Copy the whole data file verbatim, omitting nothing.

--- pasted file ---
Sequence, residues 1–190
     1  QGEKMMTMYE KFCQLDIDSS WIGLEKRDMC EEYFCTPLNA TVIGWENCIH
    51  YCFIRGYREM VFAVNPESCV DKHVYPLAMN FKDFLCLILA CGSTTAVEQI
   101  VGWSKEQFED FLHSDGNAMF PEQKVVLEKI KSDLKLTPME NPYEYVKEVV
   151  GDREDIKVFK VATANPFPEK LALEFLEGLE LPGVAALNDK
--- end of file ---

Sequence, residues 1–190
     1  QGEKMMTMYE KFCQLDIDSS WIGLEKRDMC EEYFCTPLNA TVIGWENCIH
    51  YCFIRGYREM VFAVNPESCV DKHVYPLAMN FKDFLCLILA CGSTTAVEQI
   101  VGWSKEQFED FLHSDGNAMF PEQKVVLEKI KSDLKLTPME NPYEYVKEVV
   151  GDREDIKVFK VATANPFPEK LALEFLEGLE LPGVAALNDK